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Health Officials Watching Out for Respiratory Virus

12-10-13

By Desirée Taylor
Senior Correspondent

The staff at Clara Maass Hospital is keeping a watchful eye on cases of RSV or respiratory syncytial virus.

“Usually when the CDC puts out an advisory, they’re monitoring this throughout the hospitals, they’re saying we’re seeing more RSV than normal this time of year,” explained Dr. Michael Eagan, Clara Maass ER associate director.

The CDC describes RSV as a common respiratory virus that affects the lungs and breathing passages. The CDC graph shows the spike in cases are mostly in North Jersey.

“We’re entering the season we see it. At this point we’ve been seeing sporadic cases,” Eagan said. “The child will come in with a fever, cough congestion. It’s a just a basic upper respiratory presentation is what we see. It usually children, younger than two, that is the age group we are seeing it in. Occasionally you can see it in somebody a little older than that.”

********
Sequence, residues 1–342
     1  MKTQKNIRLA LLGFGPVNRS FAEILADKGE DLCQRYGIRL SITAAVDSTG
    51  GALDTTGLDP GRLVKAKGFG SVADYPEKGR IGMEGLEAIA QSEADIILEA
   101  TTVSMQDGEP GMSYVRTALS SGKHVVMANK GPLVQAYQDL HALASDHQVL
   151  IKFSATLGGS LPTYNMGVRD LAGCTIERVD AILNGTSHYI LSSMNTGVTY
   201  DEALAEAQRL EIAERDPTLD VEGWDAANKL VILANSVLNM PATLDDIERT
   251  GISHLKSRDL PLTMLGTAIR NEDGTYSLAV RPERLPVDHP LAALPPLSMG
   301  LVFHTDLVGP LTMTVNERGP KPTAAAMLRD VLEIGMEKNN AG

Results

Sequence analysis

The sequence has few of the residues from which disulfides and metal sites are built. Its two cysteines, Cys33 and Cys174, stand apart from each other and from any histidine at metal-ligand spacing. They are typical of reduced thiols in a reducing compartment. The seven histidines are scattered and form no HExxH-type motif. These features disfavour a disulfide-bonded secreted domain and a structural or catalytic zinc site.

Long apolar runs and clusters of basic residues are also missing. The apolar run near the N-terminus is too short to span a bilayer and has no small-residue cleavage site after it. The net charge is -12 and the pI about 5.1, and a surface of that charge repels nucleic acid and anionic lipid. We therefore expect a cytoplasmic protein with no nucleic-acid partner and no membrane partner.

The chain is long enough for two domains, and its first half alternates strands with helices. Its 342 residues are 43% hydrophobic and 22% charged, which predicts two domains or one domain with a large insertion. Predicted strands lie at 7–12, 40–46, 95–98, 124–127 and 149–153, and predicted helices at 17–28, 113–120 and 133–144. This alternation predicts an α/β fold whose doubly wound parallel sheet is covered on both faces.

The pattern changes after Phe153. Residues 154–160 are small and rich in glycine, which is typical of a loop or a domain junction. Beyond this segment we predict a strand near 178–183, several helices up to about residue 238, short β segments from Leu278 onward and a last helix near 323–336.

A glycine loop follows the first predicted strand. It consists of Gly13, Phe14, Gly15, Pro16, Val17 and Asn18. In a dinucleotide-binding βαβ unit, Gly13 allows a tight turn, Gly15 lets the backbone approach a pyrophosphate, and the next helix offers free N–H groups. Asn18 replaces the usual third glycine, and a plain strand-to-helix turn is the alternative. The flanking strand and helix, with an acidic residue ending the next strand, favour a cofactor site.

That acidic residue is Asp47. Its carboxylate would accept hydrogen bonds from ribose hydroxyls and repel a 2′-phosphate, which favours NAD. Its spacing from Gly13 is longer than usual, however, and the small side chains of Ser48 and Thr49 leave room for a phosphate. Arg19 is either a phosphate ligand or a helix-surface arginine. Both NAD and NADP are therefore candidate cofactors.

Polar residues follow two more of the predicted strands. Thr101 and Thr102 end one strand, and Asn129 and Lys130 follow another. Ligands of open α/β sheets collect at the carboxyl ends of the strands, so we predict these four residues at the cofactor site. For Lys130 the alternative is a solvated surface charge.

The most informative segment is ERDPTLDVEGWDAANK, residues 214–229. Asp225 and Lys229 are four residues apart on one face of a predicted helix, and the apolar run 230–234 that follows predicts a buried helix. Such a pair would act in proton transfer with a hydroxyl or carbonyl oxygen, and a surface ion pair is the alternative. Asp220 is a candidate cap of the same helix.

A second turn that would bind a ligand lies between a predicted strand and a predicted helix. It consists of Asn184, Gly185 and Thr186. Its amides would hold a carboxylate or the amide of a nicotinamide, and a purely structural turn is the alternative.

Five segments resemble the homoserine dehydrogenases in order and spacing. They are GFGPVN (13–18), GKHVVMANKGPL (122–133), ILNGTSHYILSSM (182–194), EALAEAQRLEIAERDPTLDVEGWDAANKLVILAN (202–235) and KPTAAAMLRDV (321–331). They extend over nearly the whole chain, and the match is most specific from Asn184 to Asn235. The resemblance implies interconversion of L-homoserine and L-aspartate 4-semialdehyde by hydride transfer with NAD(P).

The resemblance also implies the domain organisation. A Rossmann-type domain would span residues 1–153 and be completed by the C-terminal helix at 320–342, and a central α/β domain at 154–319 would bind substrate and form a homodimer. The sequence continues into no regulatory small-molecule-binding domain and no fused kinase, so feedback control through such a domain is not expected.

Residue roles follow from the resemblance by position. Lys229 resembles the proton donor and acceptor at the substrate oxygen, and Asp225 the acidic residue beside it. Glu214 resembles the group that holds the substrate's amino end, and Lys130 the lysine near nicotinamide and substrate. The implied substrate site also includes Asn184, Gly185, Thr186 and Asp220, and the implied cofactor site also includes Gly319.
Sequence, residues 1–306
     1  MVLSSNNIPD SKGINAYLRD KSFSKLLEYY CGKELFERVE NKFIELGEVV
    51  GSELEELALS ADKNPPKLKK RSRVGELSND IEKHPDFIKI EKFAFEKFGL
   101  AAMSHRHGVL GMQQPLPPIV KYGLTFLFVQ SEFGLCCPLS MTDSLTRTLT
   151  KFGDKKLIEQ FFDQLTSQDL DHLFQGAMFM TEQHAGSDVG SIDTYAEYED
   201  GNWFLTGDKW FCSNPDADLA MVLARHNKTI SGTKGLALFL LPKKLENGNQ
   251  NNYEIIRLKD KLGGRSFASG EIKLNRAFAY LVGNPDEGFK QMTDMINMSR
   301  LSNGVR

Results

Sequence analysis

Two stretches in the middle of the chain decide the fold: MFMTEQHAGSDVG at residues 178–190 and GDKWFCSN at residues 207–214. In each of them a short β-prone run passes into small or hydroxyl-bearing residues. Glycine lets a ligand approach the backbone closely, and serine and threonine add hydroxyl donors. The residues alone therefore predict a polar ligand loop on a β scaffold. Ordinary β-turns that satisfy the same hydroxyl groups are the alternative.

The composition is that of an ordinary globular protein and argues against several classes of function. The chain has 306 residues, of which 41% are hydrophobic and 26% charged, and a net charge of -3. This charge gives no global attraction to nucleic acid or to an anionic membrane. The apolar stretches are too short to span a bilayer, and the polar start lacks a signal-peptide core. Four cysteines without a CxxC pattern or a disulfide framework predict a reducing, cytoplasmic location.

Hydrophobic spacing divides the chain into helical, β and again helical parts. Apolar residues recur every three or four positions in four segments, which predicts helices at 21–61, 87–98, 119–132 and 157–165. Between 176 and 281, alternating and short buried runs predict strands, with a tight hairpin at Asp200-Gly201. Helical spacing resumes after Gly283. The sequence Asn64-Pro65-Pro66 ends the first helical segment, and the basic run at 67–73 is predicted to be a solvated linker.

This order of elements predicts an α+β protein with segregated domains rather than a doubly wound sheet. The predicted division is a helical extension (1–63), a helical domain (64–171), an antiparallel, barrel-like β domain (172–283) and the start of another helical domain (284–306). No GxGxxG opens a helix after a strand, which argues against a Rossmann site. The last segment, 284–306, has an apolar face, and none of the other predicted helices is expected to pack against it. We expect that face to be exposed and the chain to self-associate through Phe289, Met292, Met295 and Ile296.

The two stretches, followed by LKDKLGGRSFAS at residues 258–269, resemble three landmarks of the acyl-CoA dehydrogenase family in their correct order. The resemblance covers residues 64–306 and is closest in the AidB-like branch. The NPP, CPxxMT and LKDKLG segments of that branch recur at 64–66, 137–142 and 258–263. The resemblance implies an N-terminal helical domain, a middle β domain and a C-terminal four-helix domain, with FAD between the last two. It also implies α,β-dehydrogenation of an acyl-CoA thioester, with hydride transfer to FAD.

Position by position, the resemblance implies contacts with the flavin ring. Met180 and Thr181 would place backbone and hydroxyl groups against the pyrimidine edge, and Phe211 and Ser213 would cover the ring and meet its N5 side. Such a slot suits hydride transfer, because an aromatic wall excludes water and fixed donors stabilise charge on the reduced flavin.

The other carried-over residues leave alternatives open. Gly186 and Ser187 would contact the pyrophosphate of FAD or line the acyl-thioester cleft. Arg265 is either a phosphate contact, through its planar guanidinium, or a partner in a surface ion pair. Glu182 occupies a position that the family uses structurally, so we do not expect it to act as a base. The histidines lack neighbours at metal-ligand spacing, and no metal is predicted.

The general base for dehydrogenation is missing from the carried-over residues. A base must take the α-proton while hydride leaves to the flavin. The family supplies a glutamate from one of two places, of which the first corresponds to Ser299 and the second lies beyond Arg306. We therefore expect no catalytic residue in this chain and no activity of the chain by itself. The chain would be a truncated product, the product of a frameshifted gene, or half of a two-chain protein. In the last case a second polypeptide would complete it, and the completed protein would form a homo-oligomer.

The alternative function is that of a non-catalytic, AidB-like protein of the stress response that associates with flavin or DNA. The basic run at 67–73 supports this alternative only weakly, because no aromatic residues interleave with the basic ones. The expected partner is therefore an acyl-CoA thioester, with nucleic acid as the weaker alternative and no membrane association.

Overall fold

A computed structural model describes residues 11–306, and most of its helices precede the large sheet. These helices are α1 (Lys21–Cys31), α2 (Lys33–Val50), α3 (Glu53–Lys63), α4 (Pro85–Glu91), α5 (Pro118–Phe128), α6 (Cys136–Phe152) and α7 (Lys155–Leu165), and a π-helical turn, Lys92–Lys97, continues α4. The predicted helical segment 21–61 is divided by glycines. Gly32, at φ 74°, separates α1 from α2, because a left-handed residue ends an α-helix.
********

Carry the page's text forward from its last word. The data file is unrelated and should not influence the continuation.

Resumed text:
RSV can be serious for babies and the elderly. Monique Davis is a health educator with the Hudson Regional Health Commission.

“RSV is a cold-like virus. We do collect data. This year we’ve encouraged facilities to report more that what we’ve seen this year is no different than what we’ve seen the last five years,” said Davis.

Davis says better reporting may be the reason why Hudson County isn’t seeing the high levels reported by the CDC.

Medical professionals are also watching out for patients with flu symptoms. State officials say so far flu activity is moderate, but it’s still early in the flu season.

“We have actually seen eight cases in the past four weeks. So not a lot. Usually when we enter the flu season, we see 30 or 40 cases per week in the hospital,” Eagan said.

“We’re reporting high levels in Hudson County, in the northeast region. So the message is go out and get your flu shot. It’s not too late to do it. It is recommended for anyone from the ages of six months and older,” Davis said.

So far there are no new strains of the flu. But it can be serious for at-risk populations such as the very young and old and ill.